Energy analyst slams government nuclear deal

Analyst said he was ‘flabbergasted’ by the decision to sign taxpayers up to the deal

Analysts fear the energy strike price has been set too high

Analysts fear the energy strike price has been set too high

ITV News reports that Peter Atherton at Liberum Partners said in a note that he was ‘flabbergasted’ and ‘staggered’ by the government’s decision to sign taxpayers up to a deal of this magnitude.

This is despite ministers saying that the Hinkley C plant plans had to be approved as a way to ensure the UK meets its demands for power and does not fall short in energy supplies when coal-fired alternatives are decommissioned.

Government ‘taking a bet’

In his note, Atherton said: “Once again, the UK Government is taking a massive bet that fossil fuel prices will be extremely high in the future. If that bet proves to be wrong then this contract will look economically insane when HPC commissions.

“As far as we can see this makes Hinkley Point the most expensive power station in the world (excluding hydro schemes) on a per MW basis and also the plant with the longest construction period. By way of contrast, for the cost of £16 billion for the 3,200MW to be generated the UK could build 27,000MW of new CCGT gas fired power stations solving the ‘energy crunch’ for a generation.”

He said that the only winner in this scenario is EDF, the French energy provider that the government signed up to the Hinkley C Deal with.

EDF could make a return on equity of more than 20%, Liberum Partners said, and it could actually end up making as much as 35% in the long term.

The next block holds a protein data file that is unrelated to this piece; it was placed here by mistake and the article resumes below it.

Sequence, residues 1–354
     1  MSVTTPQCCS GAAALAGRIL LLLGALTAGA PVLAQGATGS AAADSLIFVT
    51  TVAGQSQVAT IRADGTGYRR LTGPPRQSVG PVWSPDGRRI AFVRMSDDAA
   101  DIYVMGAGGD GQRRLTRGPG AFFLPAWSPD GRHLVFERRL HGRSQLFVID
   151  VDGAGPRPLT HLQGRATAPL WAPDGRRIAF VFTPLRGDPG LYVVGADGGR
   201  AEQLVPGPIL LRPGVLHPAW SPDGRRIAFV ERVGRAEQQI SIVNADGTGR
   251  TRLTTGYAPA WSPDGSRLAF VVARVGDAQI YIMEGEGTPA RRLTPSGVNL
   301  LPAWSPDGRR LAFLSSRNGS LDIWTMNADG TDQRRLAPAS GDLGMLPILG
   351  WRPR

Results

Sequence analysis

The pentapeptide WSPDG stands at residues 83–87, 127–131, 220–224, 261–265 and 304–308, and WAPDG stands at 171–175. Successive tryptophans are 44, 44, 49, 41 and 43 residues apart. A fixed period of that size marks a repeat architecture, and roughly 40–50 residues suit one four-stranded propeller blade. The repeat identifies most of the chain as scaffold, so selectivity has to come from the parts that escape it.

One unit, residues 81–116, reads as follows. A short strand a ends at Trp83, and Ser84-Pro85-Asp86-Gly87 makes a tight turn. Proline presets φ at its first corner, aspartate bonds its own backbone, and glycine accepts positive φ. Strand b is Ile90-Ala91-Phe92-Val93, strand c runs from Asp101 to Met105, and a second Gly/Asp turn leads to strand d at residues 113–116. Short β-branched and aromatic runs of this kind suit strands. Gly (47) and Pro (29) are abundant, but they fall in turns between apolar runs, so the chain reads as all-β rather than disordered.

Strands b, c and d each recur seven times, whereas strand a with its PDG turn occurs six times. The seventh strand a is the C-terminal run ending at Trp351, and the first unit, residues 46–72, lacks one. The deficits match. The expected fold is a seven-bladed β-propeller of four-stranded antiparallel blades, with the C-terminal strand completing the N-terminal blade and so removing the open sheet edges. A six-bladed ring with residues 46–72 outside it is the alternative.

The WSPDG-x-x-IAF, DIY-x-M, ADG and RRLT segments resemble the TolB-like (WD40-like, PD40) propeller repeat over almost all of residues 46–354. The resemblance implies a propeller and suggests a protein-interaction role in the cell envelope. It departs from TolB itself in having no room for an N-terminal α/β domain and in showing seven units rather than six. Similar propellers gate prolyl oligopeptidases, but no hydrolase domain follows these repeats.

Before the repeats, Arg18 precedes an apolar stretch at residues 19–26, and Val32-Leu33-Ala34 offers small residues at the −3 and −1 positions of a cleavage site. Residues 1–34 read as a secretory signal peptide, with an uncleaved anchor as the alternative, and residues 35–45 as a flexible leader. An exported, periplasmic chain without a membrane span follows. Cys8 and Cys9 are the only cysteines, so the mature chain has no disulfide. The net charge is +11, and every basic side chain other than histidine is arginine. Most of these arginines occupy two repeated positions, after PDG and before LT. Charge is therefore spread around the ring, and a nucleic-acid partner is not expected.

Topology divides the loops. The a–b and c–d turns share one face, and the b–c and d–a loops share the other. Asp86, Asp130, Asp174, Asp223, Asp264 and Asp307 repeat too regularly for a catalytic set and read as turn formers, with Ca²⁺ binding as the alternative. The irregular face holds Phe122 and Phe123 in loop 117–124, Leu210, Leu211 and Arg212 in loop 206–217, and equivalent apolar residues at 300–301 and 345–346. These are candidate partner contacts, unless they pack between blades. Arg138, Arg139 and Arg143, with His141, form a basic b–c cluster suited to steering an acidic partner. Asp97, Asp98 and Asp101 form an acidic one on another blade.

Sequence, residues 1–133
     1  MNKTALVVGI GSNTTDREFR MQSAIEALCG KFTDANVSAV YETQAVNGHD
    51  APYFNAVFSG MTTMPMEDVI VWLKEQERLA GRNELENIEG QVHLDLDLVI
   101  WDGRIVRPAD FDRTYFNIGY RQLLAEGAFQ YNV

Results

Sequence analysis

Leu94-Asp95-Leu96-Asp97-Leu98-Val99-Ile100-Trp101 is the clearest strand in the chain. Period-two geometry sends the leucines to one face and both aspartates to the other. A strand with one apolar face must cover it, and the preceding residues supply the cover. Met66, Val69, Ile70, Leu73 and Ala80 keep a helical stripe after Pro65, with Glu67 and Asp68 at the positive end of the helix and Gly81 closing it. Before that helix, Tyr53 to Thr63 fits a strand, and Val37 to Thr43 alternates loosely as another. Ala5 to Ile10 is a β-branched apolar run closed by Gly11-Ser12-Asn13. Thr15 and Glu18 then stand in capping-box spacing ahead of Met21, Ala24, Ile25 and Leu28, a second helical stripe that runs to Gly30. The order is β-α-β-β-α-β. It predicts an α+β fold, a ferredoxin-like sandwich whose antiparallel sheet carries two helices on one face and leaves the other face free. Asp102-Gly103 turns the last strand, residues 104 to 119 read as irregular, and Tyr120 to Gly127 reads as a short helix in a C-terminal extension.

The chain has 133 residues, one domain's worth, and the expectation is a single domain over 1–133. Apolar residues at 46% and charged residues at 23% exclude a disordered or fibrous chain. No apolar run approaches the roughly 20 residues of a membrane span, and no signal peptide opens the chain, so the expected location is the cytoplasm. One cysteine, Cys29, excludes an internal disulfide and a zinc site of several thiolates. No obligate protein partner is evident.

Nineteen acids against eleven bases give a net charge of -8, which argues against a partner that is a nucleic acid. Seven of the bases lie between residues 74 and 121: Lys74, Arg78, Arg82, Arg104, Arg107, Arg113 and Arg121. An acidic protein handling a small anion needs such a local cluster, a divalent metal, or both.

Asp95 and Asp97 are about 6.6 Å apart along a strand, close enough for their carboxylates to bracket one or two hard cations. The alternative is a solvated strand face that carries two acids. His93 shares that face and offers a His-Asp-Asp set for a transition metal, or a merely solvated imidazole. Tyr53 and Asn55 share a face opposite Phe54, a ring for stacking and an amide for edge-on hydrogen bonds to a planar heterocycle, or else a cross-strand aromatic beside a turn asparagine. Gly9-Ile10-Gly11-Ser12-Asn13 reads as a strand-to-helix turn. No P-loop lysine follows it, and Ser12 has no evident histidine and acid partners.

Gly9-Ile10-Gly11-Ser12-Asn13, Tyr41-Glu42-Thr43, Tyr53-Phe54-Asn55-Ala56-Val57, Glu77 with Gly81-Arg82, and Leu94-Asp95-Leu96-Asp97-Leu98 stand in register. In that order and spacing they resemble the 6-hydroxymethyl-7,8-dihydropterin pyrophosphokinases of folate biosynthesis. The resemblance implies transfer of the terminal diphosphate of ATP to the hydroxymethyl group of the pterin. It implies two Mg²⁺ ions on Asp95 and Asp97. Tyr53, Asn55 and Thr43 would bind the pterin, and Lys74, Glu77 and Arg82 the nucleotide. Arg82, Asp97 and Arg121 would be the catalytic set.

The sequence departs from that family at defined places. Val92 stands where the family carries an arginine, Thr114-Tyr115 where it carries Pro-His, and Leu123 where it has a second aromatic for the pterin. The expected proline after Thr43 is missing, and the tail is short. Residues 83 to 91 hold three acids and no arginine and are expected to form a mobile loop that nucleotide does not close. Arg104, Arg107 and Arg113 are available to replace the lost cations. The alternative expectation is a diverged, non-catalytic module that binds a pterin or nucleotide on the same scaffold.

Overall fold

The Hinkley C deal

The deal that sees the Hinkley C development start was announced by the government last week and immediately criticised by detractors.

The main point that critics looked at was the strike price, which is far ahead of current inflation rates. The price will be set at £92.50 per megawatt hour of electricity produced at the plant for 35 years from the time the plant comes into use in 2023.

Dr Paul Dorfman, of the Energy Institute at University College London, immediately criticised this deal, saying that the government had essentially locked in another levy on the bills of consumers, estimating that it will cost a collective £1 billion per year to fund the plant.

Others said that bills could continue to rise for the full duration of the contract because of the high strike price, leaving consumers facing 35 consecutive years of price rises.

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